Shannen's TV

Shannen's Project is an educational package which is introduced proudly by FeraMedia to serve Aboriginal peoples in Canada.This package is include Education TV channel and computer and internet accessories for all reserves across Canada.

To realize Shannens Dream project we need your help at any rate.We will report you where your money is going to spend!


Shannen's Dream 

Shannen's Dream is a Canadian youth-driven movement advocating for equitable education funding for First Nations children. Education on-reserve is funded by the Canadian federal government, while off-reserve education is funded by provincial or territorial governments. Several reports by the Auditor General of Canada, the Parliamentary Budget Officer, and other authorities have indicated an urgent need for improved funding for on-reserve education .Shannen's Dream advocates for the building of safe and comfy schools on reserves, and culturally based education for all First Nations children and youth. The movement was named in honour of Shannen Koostachin, a young activist from the Attawapiskat First Nation and a nominee for the 2008 International Children's Peace Prize.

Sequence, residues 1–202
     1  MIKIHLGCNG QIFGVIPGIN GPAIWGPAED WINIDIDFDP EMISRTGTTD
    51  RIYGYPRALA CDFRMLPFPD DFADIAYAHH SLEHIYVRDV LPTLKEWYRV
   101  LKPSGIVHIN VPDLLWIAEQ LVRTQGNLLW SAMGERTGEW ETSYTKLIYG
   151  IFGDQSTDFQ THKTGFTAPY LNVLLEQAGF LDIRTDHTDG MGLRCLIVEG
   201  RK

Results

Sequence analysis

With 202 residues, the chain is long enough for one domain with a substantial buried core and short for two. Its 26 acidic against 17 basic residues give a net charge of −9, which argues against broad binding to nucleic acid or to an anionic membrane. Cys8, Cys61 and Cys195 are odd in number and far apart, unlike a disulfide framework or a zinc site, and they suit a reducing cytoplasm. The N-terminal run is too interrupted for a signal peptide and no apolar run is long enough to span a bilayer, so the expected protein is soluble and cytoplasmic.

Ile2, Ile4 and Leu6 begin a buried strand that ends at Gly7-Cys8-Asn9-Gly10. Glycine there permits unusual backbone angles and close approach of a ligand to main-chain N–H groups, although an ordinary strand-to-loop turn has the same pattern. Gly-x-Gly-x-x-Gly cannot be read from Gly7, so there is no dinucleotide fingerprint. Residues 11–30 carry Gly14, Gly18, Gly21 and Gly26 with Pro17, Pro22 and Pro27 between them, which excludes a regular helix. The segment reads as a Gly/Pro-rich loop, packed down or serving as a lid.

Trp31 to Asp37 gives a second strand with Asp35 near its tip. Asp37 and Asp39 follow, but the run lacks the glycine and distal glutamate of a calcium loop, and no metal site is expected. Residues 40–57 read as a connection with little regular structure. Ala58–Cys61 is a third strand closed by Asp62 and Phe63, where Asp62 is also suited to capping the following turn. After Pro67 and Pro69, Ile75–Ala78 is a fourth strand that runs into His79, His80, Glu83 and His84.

Shannen Koostachin was born in Attawapiskat First Nation on James Bay coast Ontario to Andrew Koostachin and Jenny Nakogee. She attended J. R. Nakogee Elementary School, which had been housed in makeshift portables since 2000, when it had been condemned and closed due to a decades-old fuel leak. Shannen then realized that the government was not giving proper funding to First Nations Aboriginal schooling systems around Canada, and that's when her dream/movement came to be. By 2007, the federal government had backed away from a third commitment to building a new school for Attawapiskat.In response, Koostachin and others turned to YouTube and Facebook to launch the Students Helping Students campaign for a school for Attawapiskat.Koostachin spoke out about the experiences of her community in newspapers, at conferences, and on the steps of Parliament Hill in 2008. In 2009, at the age of 14, she was nominated for the International Children’s Peace Prize.

Koostachin and her older sister, Serena, moved hundreds of kilometres away from Attawapiskat to New Liskeard, Ontario, for high school. On June 1, 2010, Shannen died as a result of a car accident.